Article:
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Could an App replace a trip to the Doctor?

Shailey Minocha, Professor of Learning Technologies and Social Computing

Shailey Minocha, Professor of Learning Technologies and Social Computing

With news of a healthcare smartphone app which could diagnose medical conditions and aid GP services, expert in digital healthcare Professor Shailey Minocha weighs up the pros and cons of technology becoming an integrated part of our wellbeing:

Q. Can we trust our data with Apps such as this?

“The app and underlying systems will require access to the patient data to ‘learn’ about the person and their conditions. There may be concern amongst people about sharing and storage of the data with companies that they may not trust. There will also be a concern about who else would have access to the data. Could this data be made available to employers and insurers?

“There will be ethical issues of data usage. Such ‘deep learning’ systems have to learn to identify patterns from vast amounts of data to be able to diagnose and propose interventions. Access to vast amounts of data will have ethical considerations – will people have the ‘opt-out’ facility – but would this then affect the diagnosis that they receive?

 Q: Could technology ever replace a GP?

“In a face-to-face consultation, a GP/consultant picks up non-verbal cues (e.g. bruises or other skin conditions) and performs a physical examination (if required). Further, they are able to delve into family history, current circumstances such as job insecurity or unhappy married life which may be directly or indirectly influencing the person’s state of mind and health. It may not be possible for a machine to learn and process such information. There could be symptoms that a patient may not pick up to enter them into the App which only a trained medical eye will be able to spot in a face-to-face consultation.

“In our investigations, we have found that the data from such Apps and systems is useful for ‘guiding’ a GP but a holistic diagnosis and subsequent medical interventions require human input when medical professionals can ‘make sense’ of the information from Apps and propose personalised solutions based on the patient’s medical history, current visible and non-visible symptoms, their medical knowledge, etc. So, the data from Apps and systems aids the medical professionals.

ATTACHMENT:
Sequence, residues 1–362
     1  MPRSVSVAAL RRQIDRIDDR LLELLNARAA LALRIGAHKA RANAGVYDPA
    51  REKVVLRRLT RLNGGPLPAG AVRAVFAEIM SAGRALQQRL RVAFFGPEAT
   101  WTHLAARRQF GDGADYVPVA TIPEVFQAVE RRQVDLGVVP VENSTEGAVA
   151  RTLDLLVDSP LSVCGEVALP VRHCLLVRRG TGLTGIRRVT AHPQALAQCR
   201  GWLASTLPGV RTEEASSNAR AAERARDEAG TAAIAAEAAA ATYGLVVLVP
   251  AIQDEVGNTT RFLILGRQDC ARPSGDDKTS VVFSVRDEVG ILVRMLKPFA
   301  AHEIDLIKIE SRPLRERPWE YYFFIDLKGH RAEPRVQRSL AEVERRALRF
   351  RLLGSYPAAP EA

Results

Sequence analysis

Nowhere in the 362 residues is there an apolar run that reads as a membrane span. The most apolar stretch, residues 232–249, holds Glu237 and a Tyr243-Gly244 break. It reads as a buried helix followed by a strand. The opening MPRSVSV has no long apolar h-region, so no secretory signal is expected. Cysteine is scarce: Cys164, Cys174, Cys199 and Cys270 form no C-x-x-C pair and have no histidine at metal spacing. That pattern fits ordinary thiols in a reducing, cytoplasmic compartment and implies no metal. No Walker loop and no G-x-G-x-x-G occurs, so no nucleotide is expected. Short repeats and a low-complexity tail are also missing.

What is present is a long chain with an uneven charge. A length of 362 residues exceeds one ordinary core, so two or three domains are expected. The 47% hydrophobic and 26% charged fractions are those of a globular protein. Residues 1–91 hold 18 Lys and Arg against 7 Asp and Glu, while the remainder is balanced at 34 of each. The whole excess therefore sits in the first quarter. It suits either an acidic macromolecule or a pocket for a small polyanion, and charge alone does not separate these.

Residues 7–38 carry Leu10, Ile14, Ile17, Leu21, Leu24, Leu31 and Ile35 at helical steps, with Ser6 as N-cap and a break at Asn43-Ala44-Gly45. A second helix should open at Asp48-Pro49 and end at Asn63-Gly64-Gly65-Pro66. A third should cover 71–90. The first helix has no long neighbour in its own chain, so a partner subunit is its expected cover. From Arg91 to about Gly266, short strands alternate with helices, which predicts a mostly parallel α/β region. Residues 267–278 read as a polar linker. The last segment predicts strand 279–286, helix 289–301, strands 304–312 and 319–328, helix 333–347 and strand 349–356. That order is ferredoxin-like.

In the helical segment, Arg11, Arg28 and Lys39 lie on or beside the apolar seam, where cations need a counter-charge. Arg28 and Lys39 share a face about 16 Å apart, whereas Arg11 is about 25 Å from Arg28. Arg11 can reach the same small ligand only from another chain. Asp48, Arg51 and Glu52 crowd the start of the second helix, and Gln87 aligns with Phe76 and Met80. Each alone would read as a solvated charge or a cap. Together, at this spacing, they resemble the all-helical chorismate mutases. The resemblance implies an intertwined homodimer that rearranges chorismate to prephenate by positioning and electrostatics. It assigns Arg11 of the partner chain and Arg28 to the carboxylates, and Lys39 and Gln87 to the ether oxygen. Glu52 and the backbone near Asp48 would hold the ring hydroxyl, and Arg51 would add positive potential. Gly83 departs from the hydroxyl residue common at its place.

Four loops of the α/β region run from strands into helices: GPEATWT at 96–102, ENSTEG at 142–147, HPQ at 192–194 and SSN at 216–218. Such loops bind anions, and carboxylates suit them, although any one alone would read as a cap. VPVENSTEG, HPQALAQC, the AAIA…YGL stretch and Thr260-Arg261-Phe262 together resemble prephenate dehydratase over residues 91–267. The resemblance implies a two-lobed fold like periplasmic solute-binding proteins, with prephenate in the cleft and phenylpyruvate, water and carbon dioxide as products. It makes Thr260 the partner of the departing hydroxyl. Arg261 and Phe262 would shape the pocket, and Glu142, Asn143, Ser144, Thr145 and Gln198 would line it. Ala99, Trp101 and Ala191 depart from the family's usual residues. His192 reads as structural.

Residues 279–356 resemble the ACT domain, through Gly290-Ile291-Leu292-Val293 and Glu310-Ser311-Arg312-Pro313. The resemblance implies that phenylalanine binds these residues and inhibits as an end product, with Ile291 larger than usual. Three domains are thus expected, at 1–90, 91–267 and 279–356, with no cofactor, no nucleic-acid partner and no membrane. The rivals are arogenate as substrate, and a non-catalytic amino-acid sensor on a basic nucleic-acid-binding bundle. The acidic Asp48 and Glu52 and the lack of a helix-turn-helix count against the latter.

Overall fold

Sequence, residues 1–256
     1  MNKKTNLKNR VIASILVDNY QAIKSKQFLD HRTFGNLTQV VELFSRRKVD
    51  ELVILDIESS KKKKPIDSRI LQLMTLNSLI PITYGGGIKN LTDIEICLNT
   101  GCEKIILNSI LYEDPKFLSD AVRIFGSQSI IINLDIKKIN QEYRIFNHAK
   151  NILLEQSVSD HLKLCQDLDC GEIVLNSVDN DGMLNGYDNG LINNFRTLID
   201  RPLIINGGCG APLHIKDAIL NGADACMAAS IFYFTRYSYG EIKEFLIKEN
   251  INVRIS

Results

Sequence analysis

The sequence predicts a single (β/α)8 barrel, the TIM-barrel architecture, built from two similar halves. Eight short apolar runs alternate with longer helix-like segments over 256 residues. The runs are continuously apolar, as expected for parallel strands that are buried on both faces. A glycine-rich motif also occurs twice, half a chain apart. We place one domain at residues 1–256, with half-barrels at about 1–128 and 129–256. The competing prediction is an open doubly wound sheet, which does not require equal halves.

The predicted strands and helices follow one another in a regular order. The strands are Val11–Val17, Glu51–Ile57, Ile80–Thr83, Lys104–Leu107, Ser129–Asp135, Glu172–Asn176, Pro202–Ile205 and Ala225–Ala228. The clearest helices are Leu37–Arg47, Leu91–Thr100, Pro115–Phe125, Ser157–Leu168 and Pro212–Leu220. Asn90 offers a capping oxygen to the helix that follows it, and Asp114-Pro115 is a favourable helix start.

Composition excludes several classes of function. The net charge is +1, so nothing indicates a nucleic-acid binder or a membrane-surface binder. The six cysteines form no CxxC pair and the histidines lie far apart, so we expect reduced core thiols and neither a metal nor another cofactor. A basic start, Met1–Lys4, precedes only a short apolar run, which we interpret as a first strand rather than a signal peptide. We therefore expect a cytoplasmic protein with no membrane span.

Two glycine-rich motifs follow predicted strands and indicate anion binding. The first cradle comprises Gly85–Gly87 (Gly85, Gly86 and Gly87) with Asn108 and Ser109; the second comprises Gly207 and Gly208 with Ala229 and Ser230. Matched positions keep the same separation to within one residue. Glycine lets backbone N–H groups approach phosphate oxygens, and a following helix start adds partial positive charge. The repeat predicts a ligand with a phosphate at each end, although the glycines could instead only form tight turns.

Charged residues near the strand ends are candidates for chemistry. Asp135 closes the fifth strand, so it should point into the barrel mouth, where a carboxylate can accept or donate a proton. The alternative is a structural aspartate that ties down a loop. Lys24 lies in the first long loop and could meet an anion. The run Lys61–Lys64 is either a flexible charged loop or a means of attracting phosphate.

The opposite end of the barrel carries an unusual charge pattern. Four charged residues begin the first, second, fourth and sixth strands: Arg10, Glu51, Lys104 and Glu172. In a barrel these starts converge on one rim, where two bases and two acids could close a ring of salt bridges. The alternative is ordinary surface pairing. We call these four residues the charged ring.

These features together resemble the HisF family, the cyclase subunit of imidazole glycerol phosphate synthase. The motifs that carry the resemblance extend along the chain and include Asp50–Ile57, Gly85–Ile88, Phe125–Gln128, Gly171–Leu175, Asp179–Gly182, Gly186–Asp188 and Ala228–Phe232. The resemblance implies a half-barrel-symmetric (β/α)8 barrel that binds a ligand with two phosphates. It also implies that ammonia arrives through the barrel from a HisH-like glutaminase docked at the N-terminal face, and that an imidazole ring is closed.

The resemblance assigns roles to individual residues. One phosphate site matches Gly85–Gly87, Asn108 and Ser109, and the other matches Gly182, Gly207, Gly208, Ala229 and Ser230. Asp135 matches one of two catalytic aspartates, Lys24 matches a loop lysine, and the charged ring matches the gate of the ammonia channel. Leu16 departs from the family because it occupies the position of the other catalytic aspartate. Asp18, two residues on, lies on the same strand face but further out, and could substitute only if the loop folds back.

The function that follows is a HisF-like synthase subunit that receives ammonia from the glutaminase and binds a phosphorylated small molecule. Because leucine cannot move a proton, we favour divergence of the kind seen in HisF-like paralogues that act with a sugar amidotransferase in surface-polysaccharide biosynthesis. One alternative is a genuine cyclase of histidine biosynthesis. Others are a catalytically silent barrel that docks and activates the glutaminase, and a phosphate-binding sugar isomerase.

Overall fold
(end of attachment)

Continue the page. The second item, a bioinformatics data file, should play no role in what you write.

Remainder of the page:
Q. Couldn’t it undermine medical professionals?

“Such systems or Apps may impact on the patient-medical professional’s relationship – where a GP or a medical consultant may be challenged by the advice that they are receiving from the App/system– which may lead to legal implications in some cases and possible erosion of trust in the medical professions.

Q. What could be the benefits of diagnostic healthcare apps?

“At a patient level, these Apps and systems may be able guide a person to a healthier lifestyle and raise alerts or warning signals about future medical conditions even before the symptoms are obvious.

“So, such Apps and systems will ‘add value to medical care’, contribute towards the efficiency (e.g. being able to see more patients) and effectiveness (e.g. success in the diagnosis) of diagnoses by medical professionals, may even be able to predict an epidemic ahead of time or suggest possible future illnesses to individual persons, but not replace the medical professionals.”


Shailey Minocha is leading a research project into digital health wearables, find out more on her research project website.


Photo by Jason A. Howie

About Author

Kath works in the Media Relations team within the Communications Unit at The Open University. She is a skilled communicator with more than 15 years’ experience working in both the public and private sectors. She has a BA (Hons) English and American Literature from University of Warwick and specialises in stories from the Faculty of Social Science, Faculty of Education and Language Studies, BBC programmes, and student stories. In her spare time Kath enjoys touring the country in her hand-painted camper van, Trevor.

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